This is particularly true in the spring of each year when the TSMC Technology Symposium is held in San Jose, Calif. Just before the event kicked off, I sat down with Suk Lee, Senior Director, Design Infrastructure Marketing Division of TSMC, to get a sense for what his company is rolling out to the industry in the coming months and how previously announced process nodes are progressing.

In short, Lee said:

  • Moore's Law is not slowing down
  • TSMC capex will jump 25% this year to roughly $12 billion
  • The ecosystem in general has done an excellent job of enabling double patterning and coloring at 16FF
  • 10nm is "progressing well," with more than more than 35 EDA tools certified using ARM's Cortex A-57 core as the vehicle
  • Development of EUV lithography solutions continues in joint research work with ASML, but more work needs to be done to achieve a useable power source.

Here's a link to the complete Q&A with Lee. And watch for additional dispatches from the 2015 TSMC Technology Symposium as I transcribe my notebook!

Related stories:

TSMC Symposium Updates (2014)


FinFET production and the ARM Ecosystem: TSMC readies 16nm FinFET ramp and tips 10nm FinFET plans

One of my associates, Achim Nohl, an expert in virtual prototyping and software bring-up on ARM® processors, will be conducting a webinar on 16 April 2015 (9AM PDT) on  driver development for ARMv8-based designs using Hybrid (Virtual+FPGA) Prototyping. Don't worry if you can't see it live, since it will also be available recorded.


Learn more about the webinar and register at TechOnLine for the live or recorded session.


In this webinar aimed at firmware and Linux driver developers, Achim will introduce Virtualizer™ Development Kits (vdks) using ARM Fast Models and how they can be used to bring up drivers on ARMv8-based designs for DesignWare® interface IP like USB Ethernet. PCI Express, UFS mobile storage, etc. In addition, he'll show how you can connect a virtual prototype of your ARMv8-based processor subsystem to a HAPS® FPGA-based prototype hosting the DesignWare digital core and analog PHY daughterboard to perform final hardware validation.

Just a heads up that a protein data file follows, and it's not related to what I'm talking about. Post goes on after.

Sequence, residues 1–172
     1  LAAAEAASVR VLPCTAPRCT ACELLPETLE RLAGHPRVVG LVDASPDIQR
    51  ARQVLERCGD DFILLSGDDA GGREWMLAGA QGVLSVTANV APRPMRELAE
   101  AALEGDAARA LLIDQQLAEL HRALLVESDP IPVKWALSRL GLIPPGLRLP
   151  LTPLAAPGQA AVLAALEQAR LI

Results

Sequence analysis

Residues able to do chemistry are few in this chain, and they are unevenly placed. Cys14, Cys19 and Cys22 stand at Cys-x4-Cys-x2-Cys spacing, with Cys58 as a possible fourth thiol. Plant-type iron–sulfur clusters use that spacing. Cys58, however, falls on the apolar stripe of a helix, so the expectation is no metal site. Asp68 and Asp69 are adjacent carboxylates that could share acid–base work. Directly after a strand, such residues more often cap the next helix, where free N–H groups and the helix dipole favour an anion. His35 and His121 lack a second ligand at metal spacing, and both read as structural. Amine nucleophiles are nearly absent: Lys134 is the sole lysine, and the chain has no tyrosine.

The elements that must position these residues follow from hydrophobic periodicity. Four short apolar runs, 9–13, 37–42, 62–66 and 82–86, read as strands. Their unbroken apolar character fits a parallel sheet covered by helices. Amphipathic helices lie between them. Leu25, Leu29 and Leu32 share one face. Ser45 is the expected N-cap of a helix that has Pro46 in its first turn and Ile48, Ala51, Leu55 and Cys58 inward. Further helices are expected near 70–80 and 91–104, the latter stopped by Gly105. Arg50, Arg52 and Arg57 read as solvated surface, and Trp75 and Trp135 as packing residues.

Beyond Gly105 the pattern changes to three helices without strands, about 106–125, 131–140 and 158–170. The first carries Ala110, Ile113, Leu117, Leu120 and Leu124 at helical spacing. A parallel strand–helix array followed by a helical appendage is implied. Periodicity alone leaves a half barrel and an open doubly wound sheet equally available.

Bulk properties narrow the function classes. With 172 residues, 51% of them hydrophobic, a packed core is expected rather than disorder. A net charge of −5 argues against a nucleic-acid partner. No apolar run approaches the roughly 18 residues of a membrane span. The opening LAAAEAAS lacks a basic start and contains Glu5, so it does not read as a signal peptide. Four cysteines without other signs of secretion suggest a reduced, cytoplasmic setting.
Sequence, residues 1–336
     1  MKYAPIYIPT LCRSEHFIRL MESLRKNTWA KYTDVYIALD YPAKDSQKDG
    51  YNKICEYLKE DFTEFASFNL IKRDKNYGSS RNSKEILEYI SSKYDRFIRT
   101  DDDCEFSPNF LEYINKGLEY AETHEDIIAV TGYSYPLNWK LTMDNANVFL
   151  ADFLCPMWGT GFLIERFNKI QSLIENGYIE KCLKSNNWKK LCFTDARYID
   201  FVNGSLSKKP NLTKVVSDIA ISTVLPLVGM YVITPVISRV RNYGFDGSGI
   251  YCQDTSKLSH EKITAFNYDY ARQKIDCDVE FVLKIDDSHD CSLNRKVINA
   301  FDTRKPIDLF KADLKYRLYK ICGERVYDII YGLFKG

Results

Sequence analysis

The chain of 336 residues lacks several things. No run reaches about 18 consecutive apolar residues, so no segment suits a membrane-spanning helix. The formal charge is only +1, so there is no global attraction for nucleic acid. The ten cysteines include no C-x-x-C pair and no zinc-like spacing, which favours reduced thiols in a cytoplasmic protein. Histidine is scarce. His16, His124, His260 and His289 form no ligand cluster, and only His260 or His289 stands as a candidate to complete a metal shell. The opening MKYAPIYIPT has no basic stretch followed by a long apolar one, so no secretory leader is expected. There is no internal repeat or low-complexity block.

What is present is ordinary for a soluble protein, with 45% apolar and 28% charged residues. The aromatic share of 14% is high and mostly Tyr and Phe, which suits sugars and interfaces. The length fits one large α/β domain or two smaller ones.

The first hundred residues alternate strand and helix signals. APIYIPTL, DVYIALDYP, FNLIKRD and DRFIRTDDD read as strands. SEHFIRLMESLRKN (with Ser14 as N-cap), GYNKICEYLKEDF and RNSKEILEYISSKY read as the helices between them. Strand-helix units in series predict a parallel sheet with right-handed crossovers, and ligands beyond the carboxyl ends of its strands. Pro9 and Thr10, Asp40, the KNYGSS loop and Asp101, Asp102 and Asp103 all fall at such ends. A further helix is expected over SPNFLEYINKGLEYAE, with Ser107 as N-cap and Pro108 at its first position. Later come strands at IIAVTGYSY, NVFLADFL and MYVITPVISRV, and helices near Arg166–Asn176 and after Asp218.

Here's what you can expect to learn:

  • The basic usage of a virtual prototype for hardware dependent software development
  • The anatomy of a Linux software stack for ARM and the integration of drivers into Linux and firmware
  • The use and benefits of hybrid prototypes in which virtual and physical prototype are connected

In addition to the webinar, Achim's also just posted a blog that gives a good introduction to the topic.

In late 2014, Carbon released the first Carbon Performance Analysis Kit (CPAK) utilizing the ARM CoreLink CCN-504 Cache Coherent Network. Today, the CCN-504 can be built on Carbon IP Exchange with a wide range of configuration options. There are now four CPAKs utilizing the CCN-504 on Carbon System Exchange. The largest design includes sixteen Cortex-A57 processors, the most processors ever included in a Carbon CPAK.